Address to the National Economic Dialogue Anne Gunnell, Director of Tax Policy & Representations, Irish Tax Institute
Wednesday 26th June 2019
The Institute’s Director of Tax Policy and Representations, Anne Gunnell addressed the National Economic Dialogue and spoke on the need to develop tax policies to incentivise investment and innovation in our indigenous companies. Below is her statement:
Thank you Chairman
We believe the cornerstone on which our economy was built over the last four decades is tax. Our low corporate tax rate was introduced specifically to attract inward investment. And it has been a spectacular success – making this small economy one of the most advanced and globalised in the world. In fact, many countries look to us as a model of success.
As mentioned by the Taoiseach earlier, there is now a fundamental reappraisal underway on how to tax profits of multinationals across the globe, which the Minister and his officials continue to engage on.
This process has some way to go, but as the Minister highlighted in this very room at our Global Tax Policy Conference last month, changes are coming. And they will challenge the sustainability of our FDI business model.
We believe after tinkering with tax policies for SMEs over the last number of years, it is now time to really develop our homegrown business sector. And just as tax policy played a major role in attracting big multinationals to Ireland, it can now be used to incentivise investment and innovation in our indigenous companies.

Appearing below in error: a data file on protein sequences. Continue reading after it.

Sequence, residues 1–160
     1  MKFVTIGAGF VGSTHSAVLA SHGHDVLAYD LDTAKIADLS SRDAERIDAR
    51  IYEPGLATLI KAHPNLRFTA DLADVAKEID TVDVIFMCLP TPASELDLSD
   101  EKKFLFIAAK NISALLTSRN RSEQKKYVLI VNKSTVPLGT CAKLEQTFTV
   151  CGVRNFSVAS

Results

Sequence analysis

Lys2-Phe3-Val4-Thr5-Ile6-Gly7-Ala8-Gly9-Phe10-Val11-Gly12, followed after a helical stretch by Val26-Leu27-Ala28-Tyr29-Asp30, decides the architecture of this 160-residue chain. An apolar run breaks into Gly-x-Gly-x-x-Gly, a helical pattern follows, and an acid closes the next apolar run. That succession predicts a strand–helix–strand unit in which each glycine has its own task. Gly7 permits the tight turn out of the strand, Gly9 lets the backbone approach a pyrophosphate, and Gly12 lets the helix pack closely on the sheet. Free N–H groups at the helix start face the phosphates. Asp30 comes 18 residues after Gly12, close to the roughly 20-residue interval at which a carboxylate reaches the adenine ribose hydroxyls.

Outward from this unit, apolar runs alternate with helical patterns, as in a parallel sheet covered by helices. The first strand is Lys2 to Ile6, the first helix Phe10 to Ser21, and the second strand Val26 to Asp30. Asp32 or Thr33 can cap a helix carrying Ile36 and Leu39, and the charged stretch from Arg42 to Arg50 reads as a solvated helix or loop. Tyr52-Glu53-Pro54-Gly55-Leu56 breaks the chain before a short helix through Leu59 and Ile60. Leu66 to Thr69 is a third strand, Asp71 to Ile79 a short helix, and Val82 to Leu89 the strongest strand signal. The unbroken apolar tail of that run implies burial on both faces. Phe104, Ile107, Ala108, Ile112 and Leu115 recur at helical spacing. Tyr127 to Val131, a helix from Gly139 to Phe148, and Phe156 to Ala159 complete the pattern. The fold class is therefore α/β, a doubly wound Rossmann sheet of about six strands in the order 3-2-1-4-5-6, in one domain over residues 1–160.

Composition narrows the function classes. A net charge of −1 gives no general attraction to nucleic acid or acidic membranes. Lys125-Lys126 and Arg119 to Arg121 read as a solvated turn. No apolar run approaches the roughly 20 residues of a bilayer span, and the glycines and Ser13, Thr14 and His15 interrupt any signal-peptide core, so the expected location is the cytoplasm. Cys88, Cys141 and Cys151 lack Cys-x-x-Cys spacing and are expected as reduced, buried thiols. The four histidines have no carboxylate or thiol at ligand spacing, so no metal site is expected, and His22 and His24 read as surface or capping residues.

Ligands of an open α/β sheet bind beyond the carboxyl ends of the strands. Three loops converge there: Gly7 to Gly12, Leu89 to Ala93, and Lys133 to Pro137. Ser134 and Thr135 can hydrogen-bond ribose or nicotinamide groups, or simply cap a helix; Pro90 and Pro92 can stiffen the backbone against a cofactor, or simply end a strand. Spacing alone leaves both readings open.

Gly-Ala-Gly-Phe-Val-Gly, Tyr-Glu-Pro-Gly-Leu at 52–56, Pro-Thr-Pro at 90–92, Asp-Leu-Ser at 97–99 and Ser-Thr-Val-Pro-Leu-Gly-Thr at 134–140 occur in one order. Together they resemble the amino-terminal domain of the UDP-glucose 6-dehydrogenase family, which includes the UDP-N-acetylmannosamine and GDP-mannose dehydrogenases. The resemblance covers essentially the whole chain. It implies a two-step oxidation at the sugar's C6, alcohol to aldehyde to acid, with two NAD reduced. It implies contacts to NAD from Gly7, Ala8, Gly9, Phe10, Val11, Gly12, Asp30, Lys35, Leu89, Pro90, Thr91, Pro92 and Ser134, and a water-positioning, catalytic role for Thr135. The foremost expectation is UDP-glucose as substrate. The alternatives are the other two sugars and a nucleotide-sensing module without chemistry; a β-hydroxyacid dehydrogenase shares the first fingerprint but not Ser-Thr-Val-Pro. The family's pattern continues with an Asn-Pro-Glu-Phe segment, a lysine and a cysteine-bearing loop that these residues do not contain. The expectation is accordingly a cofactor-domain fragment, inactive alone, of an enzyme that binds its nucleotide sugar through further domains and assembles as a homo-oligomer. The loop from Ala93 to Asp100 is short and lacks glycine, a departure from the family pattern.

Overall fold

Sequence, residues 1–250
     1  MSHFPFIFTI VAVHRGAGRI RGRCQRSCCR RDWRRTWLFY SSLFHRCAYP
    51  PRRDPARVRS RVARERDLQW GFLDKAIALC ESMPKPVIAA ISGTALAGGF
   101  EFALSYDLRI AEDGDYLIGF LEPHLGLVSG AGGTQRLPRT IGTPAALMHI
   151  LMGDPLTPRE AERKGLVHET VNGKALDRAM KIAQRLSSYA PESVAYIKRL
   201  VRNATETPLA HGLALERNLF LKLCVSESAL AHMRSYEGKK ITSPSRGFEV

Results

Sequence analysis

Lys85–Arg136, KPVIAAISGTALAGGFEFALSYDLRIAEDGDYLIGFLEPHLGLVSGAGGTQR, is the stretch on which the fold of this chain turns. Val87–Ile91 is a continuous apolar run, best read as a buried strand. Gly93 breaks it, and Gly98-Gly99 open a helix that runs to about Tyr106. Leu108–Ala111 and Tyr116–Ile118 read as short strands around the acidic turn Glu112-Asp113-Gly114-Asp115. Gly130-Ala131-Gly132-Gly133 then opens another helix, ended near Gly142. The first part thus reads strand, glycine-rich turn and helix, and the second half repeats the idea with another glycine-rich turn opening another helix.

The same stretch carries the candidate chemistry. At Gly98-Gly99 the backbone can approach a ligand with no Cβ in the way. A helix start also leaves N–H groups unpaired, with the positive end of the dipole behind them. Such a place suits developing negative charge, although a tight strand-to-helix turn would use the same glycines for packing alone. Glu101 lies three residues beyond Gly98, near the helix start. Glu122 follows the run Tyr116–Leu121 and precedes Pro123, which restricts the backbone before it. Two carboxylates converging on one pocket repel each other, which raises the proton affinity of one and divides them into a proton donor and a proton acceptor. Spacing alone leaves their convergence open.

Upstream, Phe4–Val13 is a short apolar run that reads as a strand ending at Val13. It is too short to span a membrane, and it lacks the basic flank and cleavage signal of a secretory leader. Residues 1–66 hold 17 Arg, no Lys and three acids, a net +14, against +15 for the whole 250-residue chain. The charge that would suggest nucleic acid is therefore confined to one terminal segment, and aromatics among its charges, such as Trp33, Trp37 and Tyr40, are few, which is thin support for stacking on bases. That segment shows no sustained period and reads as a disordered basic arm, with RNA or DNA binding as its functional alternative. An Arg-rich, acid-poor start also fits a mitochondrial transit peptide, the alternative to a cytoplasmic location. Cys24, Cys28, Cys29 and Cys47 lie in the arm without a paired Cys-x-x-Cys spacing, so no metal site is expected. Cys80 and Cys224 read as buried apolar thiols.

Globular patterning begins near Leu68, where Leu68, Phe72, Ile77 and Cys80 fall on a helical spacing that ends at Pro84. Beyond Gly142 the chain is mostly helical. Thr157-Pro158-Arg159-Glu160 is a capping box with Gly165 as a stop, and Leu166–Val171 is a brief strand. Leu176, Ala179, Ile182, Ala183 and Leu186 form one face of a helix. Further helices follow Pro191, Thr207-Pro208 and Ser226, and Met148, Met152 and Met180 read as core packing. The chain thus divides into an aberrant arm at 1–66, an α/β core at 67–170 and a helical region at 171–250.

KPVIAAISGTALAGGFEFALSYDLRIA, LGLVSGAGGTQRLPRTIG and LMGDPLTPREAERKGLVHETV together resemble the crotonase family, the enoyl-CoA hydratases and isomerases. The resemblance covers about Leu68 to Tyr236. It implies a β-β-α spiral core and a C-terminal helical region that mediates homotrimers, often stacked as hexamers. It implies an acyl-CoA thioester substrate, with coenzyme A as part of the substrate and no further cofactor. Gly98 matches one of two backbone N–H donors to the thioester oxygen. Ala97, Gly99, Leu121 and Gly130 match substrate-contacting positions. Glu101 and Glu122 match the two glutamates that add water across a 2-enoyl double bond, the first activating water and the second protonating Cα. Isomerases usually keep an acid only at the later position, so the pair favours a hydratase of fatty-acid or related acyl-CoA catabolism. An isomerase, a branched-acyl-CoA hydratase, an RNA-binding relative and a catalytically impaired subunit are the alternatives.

We already have tax measures that promote investment in SMEs, but they are not working as they should.
External investors are specifically excluded from CGT Entrepreneur Relief. Third party angel investors are welcomed by economies all over the world, not only for their risk appetite but also for the experience and support they bring to our small businesses. But, under the current regime, we ask them to pay a third of the return on their investment back to the State.
Another blocker is the lifetime limit of €1m for claiming the lower 10% CGT rate. The UK limit is £10m sterling. This is a competitive disadvantage that we can fix. And with Brexit around the corner, we surely should!
The income tax relief for investors in early stage businesses (the EII scheme) is a good incentive. But again, there are flaws, flaws that were pointed out in the Indecon report commissioned last year.
The full tax relief should be allowed in the first year of investment. It’s just a timing change, but it would make the relief much more attractive. We also agree that the annual investment limit should be increased for longer-term investors and that capital losses should be allowed under the scheme.
A big challenge for SMEs is attracting skilled workers. Tech start-ups are competing with multinationals who have deeper pockets. The key employee share scheme (the KEEP) introduced two years ago, was designed to address this problem but, so far, only 38 employees have taken it up.
We welcome the Department’s consultation on this scheme, and we note that the changes proposed largely reflect recommendations we made last year. We really need action this year to make this scheme accessible to SMEs.
Finally, we have an attractive R&D tax credit regime. But it just doesn’t work for most SMEs. Almost three quarters of R&D relief goes to multinationals. Yet every authoritative advisory body, nationally and internationally is telling us that our indigenous companies need to invest in R&D.
At this critical juncture in industrial policy, we need an innovation incentive that’s tailored for Irish companies, so that they can grow and compete for new markets in a post Brexit world.
Tax expenditures to incentivise Irish entrepreneurs and start-up companies should
not be treated with suspicion. The resilience of our economy at a time of growing uncertainty and risk, depends on these risk takers. We should believe in them.